Resources and funding for an effective AIDS response


The goal of putting the HIV response on a secure financial footing is a work in progress, with uneven results around the globe towards ensuring a sustainable, fully funded, effective, equitable and gender-sensitive HIV response. The 2020 target to mobilize at least US$ 26 billion for the HIV response was not met. Other targets, such as implementing efficiency measures to optimize the use of existing resources and to clear bottlenecks in scaling up services, were also missed.

A panel, Resources and Funding for an Effective AIDS Response, held on the sidelines of the United Nations High-Level Meeting on AIDS, deliberated on how to reach a sustainable, fully funded, equitable and effective HIV response in a challenging environment for health and development resources.

The panellists surveyed the current situation and key actions for the road ahead, addressing several questions: What does a sustainable, fully funded, equitable and effective HIV response look like? How can the necessary funding levels be secured in the challenging resource environment that we face? What steps can and should we take to improve the impact/effectiveness of the available resources? Are there opportunities that need to be better leveraged within the HIV response, the broader health agenda and the broader development agenda? How can we ensure that we invest in the right interventions for the right populations and places to meet the new global targets and achieve the collective goal of Sustainable Development Goal 3?

Key actions identified by the panellists to guide future efforts include the following:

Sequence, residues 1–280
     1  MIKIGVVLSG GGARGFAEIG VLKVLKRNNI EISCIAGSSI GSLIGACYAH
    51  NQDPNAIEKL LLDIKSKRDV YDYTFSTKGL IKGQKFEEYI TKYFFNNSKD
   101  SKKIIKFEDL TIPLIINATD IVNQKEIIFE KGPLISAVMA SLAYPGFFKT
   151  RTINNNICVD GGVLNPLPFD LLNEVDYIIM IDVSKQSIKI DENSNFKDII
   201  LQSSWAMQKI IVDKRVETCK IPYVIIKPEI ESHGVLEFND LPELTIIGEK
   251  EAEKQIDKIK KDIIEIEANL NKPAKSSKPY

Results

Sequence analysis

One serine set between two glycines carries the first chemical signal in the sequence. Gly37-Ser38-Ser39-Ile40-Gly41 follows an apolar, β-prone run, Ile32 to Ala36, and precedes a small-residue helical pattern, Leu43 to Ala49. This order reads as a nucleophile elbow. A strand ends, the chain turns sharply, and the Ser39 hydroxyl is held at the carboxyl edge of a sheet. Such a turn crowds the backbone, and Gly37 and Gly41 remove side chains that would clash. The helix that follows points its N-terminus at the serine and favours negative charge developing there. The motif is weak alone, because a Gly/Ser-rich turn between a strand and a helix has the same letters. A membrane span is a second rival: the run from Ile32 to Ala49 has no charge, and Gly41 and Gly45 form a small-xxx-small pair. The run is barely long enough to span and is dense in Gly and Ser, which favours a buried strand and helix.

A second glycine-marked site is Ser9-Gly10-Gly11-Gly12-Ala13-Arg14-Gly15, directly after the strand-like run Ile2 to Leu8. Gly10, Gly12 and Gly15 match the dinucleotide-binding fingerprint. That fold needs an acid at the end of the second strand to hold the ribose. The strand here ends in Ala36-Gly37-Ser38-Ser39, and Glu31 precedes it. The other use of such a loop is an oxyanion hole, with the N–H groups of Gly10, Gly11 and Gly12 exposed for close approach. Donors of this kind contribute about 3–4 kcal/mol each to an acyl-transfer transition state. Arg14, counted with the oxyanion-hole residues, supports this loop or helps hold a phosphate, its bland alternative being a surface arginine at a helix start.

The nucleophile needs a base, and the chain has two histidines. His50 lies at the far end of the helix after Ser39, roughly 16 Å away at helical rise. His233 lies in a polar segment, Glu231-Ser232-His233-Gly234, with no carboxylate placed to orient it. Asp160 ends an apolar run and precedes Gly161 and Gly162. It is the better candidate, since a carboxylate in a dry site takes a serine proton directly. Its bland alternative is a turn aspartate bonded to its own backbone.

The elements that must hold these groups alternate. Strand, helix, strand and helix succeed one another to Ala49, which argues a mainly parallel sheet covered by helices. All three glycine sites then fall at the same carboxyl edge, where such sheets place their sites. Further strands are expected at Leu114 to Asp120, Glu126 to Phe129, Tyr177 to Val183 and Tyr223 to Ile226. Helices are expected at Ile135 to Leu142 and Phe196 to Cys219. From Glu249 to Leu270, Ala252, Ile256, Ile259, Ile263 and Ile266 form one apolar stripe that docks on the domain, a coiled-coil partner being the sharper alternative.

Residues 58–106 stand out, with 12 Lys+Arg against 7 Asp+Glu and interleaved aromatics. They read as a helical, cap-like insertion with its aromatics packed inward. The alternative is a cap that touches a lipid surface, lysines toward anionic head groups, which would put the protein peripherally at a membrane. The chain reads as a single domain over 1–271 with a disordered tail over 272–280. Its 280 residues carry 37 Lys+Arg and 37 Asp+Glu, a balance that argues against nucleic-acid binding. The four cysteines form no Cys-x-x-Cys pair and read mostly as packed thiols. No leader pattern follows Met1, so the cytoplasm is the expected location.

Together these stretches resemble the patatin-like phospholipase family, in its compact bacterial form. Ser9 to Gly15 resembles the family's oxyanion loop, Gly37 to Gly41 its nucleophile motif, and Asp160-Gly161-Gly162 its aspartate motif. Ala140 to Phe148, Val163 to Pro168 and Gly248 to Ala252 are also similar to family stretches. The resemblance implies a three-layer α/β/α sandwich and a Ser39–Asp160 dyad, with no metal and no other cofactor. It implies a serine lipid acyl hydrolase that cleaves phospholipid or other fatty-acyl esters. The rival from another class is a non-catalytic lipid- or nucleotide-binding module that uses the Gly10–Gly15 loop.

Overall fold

• Better targeting interventions to achieve equity and impact based on diverse and locally specific needs and goals.
  • Approaches and measures to secure the necessary funding mixes, including ongoing international support and appropriate and sustainable domestic funding, and improved equity and efficiency in using those resources.
  • Better integration of HIV into other health and development efforts, including universal health coverage, health system strengthening, pandemic preparedness and response and enablers, such as education and social protection, and to better link and leverage those efforts to maximize impact for people living with, at risk of or affected by HIV.
  • The importance of ensuring that critical cross-cutting factors, such as gender-sensitivity, eliminating inequalities, leveraging data and prevention, are appropriately supported and integrated throughout.
  • The need for shared responsibility, which calls for countries that can pay for their own responses to do so fully, and for those without the ability to pay, to be supported by donors as part of global solidarity.

The panel also examined how investments in the HIV response can help to reduce vulnerabilities and societal inequalities and how to catalyse more effective social spending using a rights-based, people-centred model that empowers individuals and communities.

Finally, the panel situated the discussion in the broader development and fiscal contexts by exploring the economics of HIV, as well as how to tackle inequalities and use people-centred HIV responses to put us on track to reach Sustainable Development Goal 3. It addressed the costs of inaction and complacency, not only for the HIV response but also across the Sustainable Development Goals. Looking at fiscal realities, the panellists provided a broader analysis of the current situation and thoughts on the way forward for protecting and expanding the much-needed fiscal, budgetary and policy space through measures such as tackling public debt distress, tax injustice and illicit financial flows.

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